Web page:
Shedding an earned layer of stone-like skin by way of those unbound, who’d live free from Chronos’ linearity of time, offers a primordial ‘uncounted step’ in defiance of the Horae. A certain seance reconstructed earns access to an eternity in the plainest sense, a thieving hidden hand that’d compulsively pass on from the unwilling dead to the eager living, is easily re-breathed from this new body with infinitely more vivid lungs. To be born unconscious of the cyclical nature of history is no curse, in fact, as the spontaneously generated repetition of human nature brings with it a new audience for auld traditions. What compartmentalized resonance modern men can manage is a sour point for those who’d live too long, heir sagging bone-weak bodies rising only to celebrate the regeneration of the snake. Just as the burning light scours life upon the Earth today the finest art recollects the nuances of art into infinite placards, katadesmos left in spite of the certain future ahead. Catanzaro, Italy based quartet Bretus merit placement among the finest acts pulling in the most eternal traditions of doom metal with the arrival of their fourth full-length, ‘Aion Tetra’. A loosely themed treatment of cosmic horror by way of 70’s heavy rock influenced stoner/doom metal.
It would take about eight years for Bretus‘ founder Ghenes to secure the right vocalist in Suum/Land of Hate vocalist M. Veraldi and another four to land upon their debut full-length ‘In Inirica’ in 2012. All of that time spent putting in their dues has worn well upon the Italian band in the sense that each of their four records thus far offers their own distinct balance of heavy psychedelic rock influenced doom metal, a sort of crossing between the stoned austerity of the 70’s and the less precious heaviness of 80’s doom metal. For my own taste ‘…from the Twilight Zone’ (2017) was an important step forward for the band as it’d contain a hit of ‘Born To Lose’ moments within their usual crossing over between the psychedelic rock influenced side of (90’s) Trouble and the more doomed ambitions of The Obsessed. ‘Aion Tetra’ isn’t pure iteration of the previous work, though, as it appears they’ve focused in on tighter hooks without losing that heavier psychedelic doom atmosphere. Along the way the comparisons come somewhat naturally with big hits of 90’s Pentagram, a few tracks that remind of Penance‘s big shift on ‘Proving Ground’ and a dose of Pale Divine when the hooks start to roll out. There are parts of this record that recall the best of Demon Head‘s early traditional doom/rock sound as much as they pick up on the epic gloom of Orodruin but the majority of the release is remarkable for its easy shifts between pure doom metal and groove-seeking, sludged-out rock riffs.
Because I’d known vocalist Veraldi (aka Zagarus) from Suum‘s underrated epic doom metal full-length last year I’d anticipated a similar tone in Bretus; Instead his register is slightly evocative of Greg Diener (Pale Divine, Beezlefuzz) and a hint of Scott Reagers swagger circa ’95 or so; There is a more exact tonal match out there but as I’d listened with increasing frequency it became less important to suss out any deeper similarities. The swerving flight of Bretus is so slick that it never feels precarious to somersault between their performative ‘serious’ heavy metal jogs and swinging stoner-doom grooves. The whole of the listen offers a big riff-driven heavy metal album that never strays far from the wheelhouse of the best traditional doom metal has to offer. Is it generic, then? I don’t think it is faceless so much as it resembles the best points of the band’s main influences from the 80’s and early 90’s. ‘Aion Tetra’ benefits from deeper repeat listening due to this balance of bigger, standout moments (“Priests of Chaos”, “Mark of Evil”, “Cosmic Crow”) alongside the copious subtler nods n’ nuances that’d carry the life of the record a bit longer than usual. A song like “Deep Space Voodoo” might appear as a sort of ‘filler’ track at first but its place in the middle of the album is justified in reflection of the full listen. What was an ‘atmospheric moment’ at first would evolve into a key ‘sermon’ for the transition between Side A and Side B.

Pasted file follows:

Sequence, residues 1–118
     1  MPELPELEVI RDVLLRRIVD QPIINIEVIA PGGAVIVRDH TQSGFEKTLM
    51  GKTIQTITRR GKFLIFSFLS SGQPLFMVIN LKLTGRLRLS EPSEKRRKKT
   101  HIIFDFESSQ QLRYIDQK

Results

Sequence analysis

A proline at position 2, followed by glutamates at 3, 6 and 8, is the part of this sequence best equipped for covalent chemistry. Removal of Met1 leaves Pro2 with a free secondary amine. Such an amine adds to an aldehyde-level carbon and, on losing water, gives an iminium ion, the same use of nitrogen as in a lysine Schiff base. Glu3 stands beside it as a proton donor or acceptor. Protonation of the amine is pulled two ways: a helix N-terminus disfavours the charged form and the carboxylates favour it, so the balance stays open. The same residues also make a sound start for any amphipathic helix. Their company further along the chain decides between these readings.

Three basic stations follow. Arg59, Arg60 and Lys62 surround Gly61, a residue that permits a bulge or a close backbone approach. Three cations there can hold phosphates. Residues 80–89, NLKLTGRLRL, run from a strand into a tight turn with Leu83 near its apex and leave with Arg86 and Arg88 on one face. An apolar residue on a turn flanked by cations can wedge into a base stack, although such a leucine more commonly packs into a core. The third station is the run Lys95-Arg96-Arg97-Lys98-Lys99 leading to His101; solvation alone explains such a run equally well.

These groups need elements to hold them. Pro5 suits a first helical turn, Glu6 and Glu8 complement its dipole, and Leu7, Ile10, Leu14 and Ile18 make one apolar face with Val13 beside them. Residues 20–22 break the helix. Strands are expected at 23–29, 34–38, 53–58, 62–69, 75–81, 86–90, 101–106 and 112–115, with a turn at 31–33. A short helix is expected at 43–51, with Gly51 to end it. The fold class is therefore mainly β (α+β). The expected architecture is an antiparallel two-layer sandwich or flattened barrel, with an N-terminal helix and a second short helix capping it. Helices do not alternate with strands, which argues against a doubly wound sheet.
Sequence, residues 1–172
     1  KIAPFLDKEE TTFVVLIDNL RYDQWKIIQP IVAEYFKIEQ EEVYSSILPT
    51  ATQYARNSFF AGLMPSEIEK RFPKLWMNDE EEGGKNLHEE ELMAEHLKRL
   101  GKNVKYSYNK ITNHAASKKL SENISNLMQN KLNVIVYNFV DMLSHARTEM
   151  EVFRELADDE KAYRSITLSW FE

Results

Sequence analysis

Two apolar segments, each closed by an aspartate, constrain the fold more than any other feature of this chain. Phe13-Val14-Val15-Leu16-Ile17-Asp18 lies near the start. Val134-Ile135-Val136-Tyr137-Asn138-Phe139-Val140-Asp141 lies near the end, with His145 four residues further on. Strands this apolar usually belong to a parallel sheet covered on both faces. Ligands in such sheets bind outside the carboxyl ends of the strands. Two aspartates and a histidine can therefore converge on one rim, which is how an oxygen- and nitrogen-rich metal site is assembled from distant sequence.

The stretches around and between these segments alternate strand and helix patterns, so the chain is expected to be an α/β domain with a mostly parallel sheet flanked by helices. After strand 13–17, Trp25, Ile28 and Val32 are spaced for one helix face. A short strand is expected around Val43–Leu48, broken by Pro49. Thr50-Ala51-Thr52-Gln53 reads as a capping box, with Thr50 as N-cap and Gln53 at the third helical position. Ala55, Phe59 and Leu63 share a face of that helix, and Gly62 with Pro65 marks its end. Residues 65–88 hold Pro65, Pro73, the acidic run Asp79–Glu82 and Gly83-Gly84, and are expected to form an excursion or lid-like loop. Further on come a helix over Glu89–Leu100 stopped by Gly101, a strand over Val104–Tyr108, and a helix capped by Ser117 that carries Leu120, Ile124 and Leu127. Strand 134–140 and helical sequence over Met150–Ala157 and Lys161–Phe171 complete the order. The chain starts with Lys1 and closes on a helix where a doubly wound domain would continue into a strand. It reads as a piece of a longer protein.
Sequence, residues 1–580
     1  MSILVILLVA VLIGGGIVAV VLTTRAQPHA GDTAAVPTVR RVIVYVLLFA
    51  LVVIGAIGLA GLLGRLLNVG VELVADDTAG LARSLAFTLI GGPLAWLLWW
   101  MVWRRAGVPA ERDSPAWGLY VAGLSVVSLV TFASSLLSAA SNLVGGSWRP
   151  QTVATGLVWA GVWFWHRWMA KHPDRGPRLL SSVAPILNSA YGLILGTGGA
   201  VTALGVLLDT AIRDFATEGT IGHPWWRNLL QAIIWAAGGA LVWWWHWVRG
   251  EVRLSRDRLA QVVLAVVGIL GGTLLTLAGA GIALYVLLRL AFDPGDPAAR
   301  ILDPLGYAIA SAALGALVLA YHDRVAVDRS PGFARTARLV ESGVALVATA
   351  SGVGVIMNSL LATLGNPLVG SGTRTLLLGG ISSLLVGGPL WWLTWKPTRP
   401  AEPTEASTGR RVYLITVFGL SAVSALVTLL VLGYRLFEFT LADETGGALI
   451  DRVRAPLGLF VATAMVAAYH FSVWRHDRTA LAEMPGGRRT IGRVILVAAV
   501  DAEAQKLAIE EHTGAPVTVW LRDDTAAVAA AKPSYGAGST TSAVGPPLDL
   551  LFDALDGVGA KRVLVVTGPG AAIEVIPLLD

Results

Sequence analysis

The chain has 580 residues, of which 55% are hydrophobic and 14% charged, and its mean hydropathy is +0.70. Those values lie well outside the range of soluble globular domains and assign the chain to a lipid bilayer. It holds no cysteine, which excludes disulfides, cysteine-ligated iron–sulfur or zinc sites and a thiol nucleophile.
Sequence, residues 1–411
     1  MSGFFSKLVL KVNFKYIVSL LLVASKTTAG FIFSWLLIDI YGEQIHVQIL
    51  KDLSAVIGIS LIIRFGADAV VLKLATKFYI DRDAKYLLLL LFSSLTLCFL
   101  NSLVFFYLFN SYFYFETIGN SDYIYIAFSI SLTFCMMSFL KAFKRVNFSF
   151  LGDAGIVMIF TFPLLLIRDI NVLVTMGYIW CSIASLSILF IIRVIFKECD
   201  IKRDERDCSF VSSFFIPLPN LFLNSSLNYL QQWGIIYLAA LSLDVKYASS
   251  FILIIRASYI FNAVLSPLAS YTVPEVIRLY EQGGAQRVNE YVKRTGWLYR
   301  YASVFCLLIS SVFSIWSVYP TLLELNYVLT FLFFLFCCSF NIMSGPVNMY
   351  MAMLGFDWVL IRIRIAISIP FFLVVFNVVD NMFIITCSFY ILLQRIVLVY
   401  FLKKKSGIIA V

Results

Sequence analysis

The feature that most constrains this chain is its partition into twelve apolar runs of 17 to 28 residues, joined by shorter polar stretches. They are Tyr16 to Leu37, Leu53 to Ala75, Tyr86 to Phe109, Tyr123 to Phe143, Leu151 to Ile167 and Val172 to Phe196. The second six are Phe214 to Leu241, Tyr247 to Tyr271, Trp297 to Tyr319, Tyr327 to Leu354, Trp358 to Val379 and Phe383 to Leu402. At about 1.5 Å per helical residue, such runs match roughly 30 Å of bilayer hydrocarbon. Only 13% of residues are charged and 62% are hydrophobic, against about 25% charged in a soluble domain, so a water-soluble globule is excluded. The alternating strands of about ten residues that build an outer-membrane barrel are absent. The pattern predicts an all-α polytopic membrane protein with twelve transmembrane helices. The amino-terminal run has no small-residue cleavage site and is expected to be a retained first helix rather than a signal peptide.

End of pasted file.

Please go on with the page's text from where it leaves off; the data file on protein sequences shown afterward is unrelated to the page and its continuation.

Production values are versatile enough in design to flit between epic doom, stoner grooves, and spaced-out psych without losing any of the important details to overly stylized sound. The mix sets the bass guitar fairly low but its presence soaks into the heady rip of the rhythm guitar tone in motion. I particularly liked the drum sound this time around as the performance isn’t so drastically different from the prior album yet Bretus appear more present and spacious at once within this bigger hall to swing and roar within. ‘Aion Tetra’ doesn’t suffer any obvious professional deficit as it manages to convey a very clean and powerful traditional doom metal presence on tape. Now that they’re four albums deep it’d be fair to start suggesting Bretus have reached a level of quality and musical personality worthy of much more regard, I know that ‘Aion Tetra’ took me over the edge towards admiration of their vision. Do they have more potential yet to be realized? Of course, I don’t doubt the next record could top ‘Aion Tetra’ but for now I’d give moderately high recommendation of it. For preview purposes I’d suggest starting with “Mark of Evil” or the opener “The Third Mystic Eye” if you want something immediately satisfying but don’t pass on until you’ve given “Priests of Chaos” a try too.
Spread sleep o’er the cosmic throne. 4.0/5.0
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